and sagging. The number of wires and their spacing
will vary depending on the animal you are containing. Refer to the spacing guide available at
www.zarebasystems.com Using a tape or premarked spacer for a guide,
mark your desired wire spacing on fence posts using a lumber crayon or marker. Now
you're ready to payout the fence wire using the spinning jenny. Generally place wire on the side of the
post that will have animal pressure. This means the post will resist the
animals' pressure at the connection rather than at the staple. Before stringing wire determine which
wires will be electrified. So, if needed, thin tube insulators can be
placed on the wire, as it is strung. To avoid wire tangling,
string one strand of wire around the enclosure and attach it to the posts before
stringing the next. The bottom wire is the guide wire .Next to
the guide wire are our next two wires which were
previously laid out and will be the first to be attached. Any
wire on your fence can easily be electrified, making the fence a
psychological barrier as well as a physical one. One electrified wire should be
positioned at the animal's nose height causing it to back up if it touches the
fence wire. You have several options to insulate the electrified wires at the
line posts to prevent voltage loss. Thin tube insulator, porcelain insulators and plastic insulators. The first option
is a thin tube insulator, which are the most commonly used
insulators for high tensile fences and can be used on wood posts. These four
inch hollow tubes have fins on the outer edge which hold
them in place on the post, while allowing the wire to move freely
through the tube. These tube insulators should be put on the wire
before both ends are attached. Simply place the insulators on the wire
as you pay it out. It is a good idea to put extra tube
insulators on the wire before the ends are connected in case you miss adding
any as you pay out the wire. Thin tube insulators attached to wood
posts with a staple. Be sure to use eight or nine gauge class
3 galvanized barbed type staples for longest product life. Drive staples leaving a quarter inch gap
allowing wire to move freely beneath it. Dip and rise posts require a special
stapling technique, so the wire doesn't pull the staple out
of the posts. Secure each wire strand at both end posts with
at least two 12.5 gauge crimping sleeves. For electrified wires, you'll need a
wrap-around insulator at the end posts. You can use 12.5 gauge insulated wire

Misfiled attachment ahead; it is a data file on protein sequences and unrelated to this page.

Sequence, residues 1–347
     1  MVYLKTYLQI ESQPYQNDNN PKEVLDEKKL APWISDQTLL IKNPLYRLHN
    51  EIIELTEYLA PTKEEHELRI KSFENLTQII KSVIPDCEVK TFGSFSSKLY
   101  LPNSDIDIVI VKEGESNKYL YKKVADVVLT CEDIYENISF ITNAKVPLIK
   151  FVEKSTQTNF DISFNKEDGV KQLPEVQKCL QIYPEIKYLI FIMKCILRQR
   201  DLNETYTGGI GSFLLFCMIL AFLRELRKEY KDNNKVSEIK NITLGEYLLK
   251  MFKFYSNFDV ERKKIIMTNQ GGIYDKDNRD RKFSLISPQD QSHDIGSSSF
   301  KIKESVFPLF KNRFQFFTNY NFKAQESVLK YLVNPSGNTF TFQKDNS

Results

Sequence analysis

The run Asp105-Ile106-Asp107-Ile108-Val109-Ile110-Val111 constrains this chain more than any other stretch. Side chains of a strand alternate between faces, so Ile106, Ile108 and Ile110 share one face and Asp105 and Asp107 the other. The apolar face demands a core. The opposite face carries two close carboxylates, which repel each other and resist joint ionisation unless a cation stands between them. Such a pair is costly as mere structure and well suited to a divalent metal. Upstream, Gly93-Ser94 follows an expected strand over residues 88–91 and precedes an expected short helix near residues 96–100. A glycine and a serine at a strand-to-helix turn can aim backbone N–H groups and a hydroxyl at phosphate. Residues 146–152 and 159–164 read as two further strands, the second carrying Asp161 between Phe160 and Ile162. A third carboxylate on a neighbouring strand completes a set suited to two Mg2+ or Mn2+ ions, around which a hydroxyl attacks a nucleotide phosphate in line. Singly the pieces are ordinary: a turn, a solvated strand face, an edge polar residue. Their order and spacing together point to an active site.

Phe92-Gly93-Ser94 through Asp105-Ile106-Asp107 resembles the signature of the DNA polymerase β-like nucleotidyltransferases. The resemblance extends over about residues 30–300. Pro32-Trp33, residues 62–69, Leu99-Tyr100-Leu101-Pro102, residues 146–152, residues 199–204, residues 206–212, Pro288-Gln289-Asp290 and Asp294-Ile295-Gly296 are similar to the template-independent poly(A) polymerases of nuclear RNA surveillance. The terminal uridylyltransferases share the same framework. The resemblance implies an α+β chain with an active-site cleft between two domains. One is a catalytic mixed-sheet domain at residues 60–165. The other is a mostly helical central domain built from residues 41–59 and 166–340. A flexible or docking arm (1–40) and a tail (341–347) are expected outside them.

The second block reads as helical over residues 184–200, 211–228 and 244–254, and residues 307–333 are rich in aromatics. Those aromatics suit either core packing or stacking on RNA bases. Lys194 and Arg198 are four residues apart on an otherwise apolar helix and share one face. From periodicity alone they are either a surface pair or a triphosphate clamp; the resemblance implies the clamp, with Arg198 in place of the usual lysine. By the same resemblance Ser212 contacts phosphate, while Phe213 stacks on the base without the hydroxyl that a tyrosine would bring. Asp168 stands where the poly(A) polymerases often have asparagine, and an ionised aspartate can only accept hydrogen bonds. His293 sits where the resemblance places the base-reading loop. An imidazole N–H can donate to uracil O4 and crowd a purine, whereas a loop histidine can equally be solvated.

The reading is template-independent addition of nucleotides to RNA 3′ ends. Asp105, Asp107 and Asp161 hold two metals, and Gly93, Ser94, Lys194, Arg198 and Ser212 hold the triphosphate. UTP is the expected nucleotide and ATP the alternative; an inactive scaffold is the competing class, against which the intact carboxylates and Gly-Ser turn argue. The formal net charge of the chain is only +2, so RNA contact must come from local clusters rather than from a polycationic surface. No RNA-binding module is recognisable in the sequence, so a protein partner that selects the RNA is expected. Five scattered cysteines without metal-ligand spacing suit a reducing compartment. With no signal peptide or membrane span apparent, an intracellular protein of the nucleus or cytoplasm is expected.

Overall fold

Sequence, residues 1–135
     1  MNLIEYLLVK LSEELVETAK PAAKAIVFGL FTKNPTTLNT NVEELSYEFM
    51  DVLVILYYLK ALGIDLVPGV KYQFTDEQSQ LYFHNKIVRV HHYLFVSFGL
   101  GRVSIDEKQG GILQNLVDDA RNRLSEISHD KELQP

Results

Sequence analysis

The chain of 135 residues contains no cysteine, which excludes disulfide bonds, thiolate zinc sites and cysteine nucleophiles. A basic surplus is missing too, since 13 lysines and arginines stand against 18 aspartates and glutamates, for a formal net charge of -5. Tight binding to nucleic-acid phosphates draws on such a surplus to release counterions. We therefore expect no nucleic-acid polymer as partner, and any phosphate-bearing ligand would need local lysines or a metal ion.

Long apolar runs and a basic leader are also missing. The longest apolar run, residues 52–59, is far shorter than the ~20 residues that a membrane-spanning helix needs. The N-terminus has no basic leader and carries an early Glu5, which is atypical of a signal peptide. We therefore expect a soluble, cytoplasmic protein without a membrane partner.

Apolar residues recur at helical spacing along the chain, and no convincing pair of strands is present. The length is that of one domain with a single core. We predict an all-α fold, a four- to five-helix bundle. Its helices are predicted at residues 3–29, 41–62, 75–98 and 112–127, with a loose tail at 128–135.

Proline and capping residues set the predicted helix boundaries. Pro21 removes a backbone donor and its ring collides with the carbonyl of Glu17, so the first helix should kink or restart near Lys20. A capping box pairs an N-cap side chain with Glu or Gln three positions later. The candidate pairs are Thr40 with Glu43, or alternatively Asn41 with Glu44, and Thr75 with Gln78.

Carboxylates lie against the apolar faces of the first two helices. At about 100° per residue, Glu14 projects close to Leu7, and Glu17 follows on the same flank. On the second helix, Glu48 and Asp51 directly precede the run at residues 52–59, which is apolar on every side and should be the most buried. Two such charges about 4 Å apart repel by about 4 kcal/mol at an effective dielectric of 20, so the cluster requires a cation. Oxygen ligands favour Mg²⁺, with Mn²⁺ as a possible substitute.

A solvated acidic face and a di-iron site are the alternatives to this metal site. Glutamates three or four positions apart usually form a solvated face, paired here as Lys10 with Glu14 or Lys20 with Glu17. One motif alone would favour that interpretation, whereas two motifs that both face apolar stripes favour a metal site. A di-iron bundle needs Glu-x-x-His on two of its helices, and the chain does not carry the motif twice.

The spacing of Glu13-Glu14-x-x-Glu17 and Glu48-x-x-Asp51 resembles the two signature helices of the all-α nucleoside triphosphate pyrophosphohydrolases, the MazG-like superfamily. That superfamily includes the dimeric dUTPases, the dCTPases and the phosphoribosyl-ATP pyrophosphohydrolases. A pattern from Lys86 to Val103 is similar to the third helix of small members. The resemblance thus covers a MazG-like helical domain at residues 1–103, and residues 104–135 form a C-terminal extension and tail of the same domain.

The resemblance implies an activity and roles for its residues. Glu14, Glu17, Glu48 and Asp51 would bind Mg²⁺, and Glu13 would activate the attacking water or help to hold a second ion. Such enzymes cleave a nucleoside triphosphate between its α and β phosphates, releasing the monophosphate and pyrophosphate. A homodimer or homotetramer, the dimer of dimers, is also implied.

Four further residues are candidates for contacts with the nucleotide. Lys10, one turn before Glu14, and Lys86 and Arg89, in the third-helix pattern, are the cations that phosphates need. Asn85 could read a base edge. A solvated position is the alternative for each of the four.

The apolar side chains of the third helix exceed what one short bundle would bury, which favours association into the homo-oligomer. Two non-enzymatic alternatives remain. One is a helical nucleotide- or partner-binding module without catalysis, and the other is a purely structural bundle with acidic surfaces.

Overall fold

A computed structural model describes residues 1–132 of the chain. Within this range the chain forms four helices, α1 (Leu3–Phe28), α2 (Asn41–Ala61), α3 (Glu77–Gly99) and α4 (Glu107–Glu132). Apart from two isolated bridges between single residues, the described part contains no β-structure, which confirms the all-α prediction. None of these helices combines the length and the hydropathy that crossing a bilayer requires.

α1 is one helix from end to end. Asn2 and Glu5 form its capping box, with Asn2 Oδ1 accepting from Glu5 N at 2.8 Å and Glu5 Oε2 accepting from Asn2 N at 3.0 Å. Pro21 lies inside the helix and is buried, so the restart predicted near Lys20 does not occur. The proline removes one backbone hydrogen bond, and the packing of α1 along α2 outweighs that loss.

as we are using here, or use the normal wire with an insulator
tube for jumping electrical connections between fence wires. If you forget to add additional crimping
sleeves, you can also use a wiretap as we are using here. Crimping sleeves are crimped onto the
wire using the specialized crimping tool. Crimping sleeves are made from high
grade aluminum with the carborundum grid inside to prevent the wire from
slipping through. This connection provides the same
strength as the wire itself. Position the sleeves directly next to
each other for maximum holding strength. As a rule of thumb, use 2 to 3 crimping
sleeves at friction points and for inline strainers, and 4 crimping sleeves for an inline
splice. To keep the wire in its correct position at the end posts until final tension is applied,
staple it in place. For insulated electrified wire, place a
staple above and below the wrap-around insulator to hold it on its
predetermined mark. This keeps the staple from cutting
through the insulator and shorting out the fence. All of the the fence wire strands should
now be strong around the perimeter of your fence and attached to the posts. Be sure you
leave plenty of slack before cutting the wire. You will need as many as 12 to 18 inches of extra cable to install strainers. So once your wire is attached at both
ends, your wire should be hanging loose. It's far better to have too much wire
than not enough. In this segment, you will learn where to
place strainers and how to install in-line strainers and tension indicator
springs. You'll learn how to apply tension to a wire and repeat the process for all of the wires
of your fence. You'll learn the proper technique for
safely tensioning wire. How to accurately measure wire tension
and the proper use of multi groove poly spacers to prevent fence wire
separation. You are now ready to install in-lines strainers, and tension indicator springs, unless you
are using self regulating strainers and then apply tension to the wire. Generally, you need one in-line strainer
for every four thousand feet of wire. Locate strainers in the middle of each
fence span where the poll in both directions will
be equal. A fence span is the area between corner or end posts. Every friction point, corner, dip and rise
reduces the strainers tension capacity by five hundred feet. After you have determined the in-line
strainer location, cut the fence wire at that point. Place three 12 .5 inch gauge crimping sleeves
on the wire and preform the wire. Place the wire through the hole in the
in-line strainer strap. Bend the wire back onto itself, allowing
the crimping sleeves to slip into place. Crimp the three sleeves to permanently
attach the strainer to the wire. Place the other end of the wire through
the hole in the strainer reel. Tension the wire with a strainer handle. The compression clip on the in-line